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Organising workstream: regional mapping project

TUC Anti-Racism Taskforce
Report type
Research and reports
Issue date
Introduction to the mapping project

The TUC Anti-Racism Taskforce commissioned this piece of research at the end of 2021. The intention of the mapping project was to get an overview of what structures are in place for Black workers across the TUC’s seven regions and nations in England and Wales, as well as to explore what is going well and what could be improved in terms of anti-racist strategy and organising.

The report was commissioned in the middle of the Taskforce’s two-year lifespan. The results will feed into the Taskforce’s final year of work, with the intention of creating a network of support for Black activists and identifying training and education opportunities where appropriate.

Methodology and break down of participants

The project was carried out by conducting online interviews. These fell into two rounds: the first was with senior staff members, including regional secretaries, equality and policy officers and policy and campaigns support officers. The second was with chairs, vice-chairs and regular members of Black workers’ forums and committees.

In total, 16 interview participants took part, eight of whom were men and eight of whom were women. Roughly two-thirds of participants identified as Black/BME. At least two people were interviewed for all except two regions.

Given the relatively small sample size, the report is intended as an overview of the current situation, rather than a conclusive document, though some recommendations are included at the end.

Note on terminology

Throughout the report, the terms ‘Black’ and ‘BME’ are used interchangeably to refer to workers who identify as being from Black or minority ethnic backgrounds.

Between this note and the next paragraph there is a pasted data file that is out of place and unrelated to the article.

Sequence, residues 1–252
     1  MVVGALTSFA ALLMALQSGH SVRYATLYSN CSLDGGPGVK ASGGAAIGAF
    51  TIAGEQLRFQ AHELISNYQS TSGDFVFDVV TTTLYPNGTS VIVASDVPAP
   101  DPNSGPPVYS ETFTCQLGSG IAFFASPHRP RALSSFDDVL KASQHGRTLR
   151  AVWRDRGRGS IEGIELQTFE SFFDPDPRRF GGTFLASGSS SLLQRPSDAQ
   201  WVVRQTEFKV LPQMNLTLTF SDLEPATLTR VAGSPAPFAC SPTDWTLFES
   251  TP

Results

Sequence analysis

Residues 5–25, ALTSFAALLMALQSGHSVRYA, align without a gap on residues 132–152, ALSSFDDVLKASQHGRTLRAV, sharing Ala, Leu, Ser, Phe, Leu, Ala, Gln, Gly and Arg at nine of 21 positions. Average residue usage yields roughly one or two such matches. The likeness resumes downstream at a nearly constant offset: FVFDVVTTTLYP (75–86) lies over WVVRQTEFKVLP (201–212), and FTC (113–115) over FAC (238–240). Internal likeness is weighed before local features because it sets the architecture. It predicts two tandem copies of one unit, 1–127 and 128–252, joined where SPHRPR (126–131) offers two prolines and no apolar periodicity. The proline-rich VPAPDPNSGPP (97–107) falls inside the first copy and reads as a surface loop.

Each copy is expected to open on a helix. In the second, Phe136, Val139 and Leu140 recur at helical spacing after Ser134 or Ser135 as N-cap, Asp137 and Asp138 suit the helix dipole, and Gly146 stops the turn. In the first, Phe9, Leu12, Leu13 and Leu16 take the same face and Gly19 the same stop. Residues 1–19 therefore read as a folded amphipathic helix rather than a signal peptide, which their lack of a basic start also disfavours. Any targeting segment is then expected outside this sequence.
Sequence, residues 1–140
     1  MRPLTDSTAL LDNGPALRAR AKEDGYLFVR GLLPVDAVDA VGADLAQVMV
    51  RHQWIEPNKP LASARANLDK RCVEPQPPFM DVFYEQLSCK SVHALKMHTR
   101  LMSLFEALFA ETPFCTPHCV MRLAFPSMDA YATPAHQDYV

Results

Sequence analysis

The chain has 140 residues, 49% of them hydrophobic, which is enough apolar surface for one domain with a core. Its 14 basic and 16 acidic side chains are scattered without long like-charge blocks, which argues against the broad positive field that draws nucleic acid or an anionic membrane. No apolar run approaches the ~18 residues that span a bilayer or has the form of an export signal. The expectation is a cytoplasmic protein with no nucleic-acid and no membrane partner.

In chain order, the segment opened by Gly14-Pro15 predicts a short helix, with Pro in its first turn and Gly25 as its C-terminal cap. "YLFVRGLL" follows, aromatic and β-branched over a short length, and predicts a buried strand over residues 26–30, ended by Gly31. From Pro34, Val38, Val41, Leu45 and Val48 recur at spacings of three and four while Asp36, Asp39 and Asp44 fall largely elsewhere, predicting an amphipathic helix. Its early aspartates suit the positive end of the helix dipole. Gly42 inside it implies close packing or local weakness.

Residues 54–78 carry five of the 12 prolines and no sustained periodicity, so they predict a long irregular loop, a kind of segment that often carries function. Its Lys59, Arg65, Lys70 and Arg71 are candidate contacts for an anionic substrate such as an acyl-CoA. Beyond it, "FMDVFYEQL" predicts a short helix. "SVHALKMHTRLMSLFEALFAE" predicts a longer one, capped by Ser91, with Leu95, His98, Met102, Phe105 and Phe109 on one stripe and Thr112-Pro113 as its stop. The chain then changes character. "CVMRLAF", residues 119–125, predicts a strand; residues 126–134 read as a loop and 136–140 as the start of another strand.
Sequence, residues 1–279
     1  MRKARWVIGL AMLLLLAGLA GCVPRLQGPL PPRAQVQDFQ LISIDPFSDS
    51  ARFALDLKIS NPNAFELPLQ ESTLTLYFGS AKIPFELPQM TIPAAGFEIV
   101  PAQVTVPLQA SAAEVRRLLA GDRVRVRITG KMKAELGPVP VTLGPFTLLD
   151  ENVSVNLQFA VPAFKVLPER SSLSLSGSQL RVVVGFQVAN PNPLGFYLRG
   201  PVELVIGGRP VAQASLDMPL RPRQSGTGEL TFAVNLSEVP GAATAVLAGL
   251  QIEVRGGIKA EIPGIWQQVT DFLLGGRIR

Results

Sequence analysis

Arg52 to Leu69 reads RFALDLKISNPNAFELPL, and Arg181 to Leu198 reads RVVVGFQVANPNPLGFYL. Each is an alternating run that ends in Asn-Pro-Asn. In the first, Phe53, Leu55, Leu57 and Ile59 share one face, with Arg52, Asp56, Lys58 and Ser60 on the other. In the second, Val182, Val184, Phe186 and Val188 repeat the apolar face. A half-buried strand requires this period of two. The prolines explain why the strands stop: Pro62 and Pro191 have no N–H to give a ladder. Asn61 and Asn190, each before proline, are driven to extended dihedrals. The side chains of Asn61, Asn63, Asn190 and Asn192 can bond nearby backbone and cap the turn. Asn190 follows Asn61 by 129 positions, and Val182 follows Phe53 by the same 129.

LESE (London East & South East) Region summary

Key statistics

  • LESE (London, East & South East) is the most populous of the TUC’s regions. It contains two million trade unionists and represents two-thirds of the Black workers in the UK.

Current structure and membership

  • The LESE Race Relations meets three times a year and is currently meeting online due to the pandemic. It also hosts an in-person open day a year, when circumstances permit. The committee represents workers from a wide range of backgrounds and is well attended: most meetings attract 30–40 participants.
  • The current chairs of the committee have been active on it for a number of years, with a substantial amount of experience campaigning on issues of equality and racial justice. All three were nominated by their respective unions. The Committee elected them as one chair and two vice-chairs. Elections for the positions take place yearly.

Key activities and organising strategies

  • Reading circle. The committee recently started a reading circle focused on Black history, though there have been some issues with accessing funding for e-books. Several participants mentioned the need for more education and promotion of Black history and culture. A project exploring reparations has also begun.
  • Political issues. The committee often debates current political issues such as the Nationality and Borders Bill, the treatment of asylum seekers and deportation flights. It also sometimes works together with other committees. For example, the committee has worked together with the LESE Women’s Group, exploring some of the issues facing women in the workplace, including experiences of discrimination.
  • Anti-fascist organising. The committee has been active in organising against the far right in the region, particularly in the ‘doughnut’ area around London, including areas such as Epping & Bexley. The committee has worked together with Unite with the intention of setting up a network of anti-racist/anti-fascist activists. This activity has stalled since the pandemic.
  • In the past, the committee has also worked together with Stand Up to Racism, Searchlight and Kick It Out (particularly on a campaign against racist behaviour by football fans at West Ham).

What’s going well?

  • The committee has successfully organised against deportation flights, in some cases managing to have deportees removed from flights.
  • Before the start of the pandemic, the committee held a successful in-person event focusing on the government’s treatment of the Windrush Generation, which was attended by 50–60 people.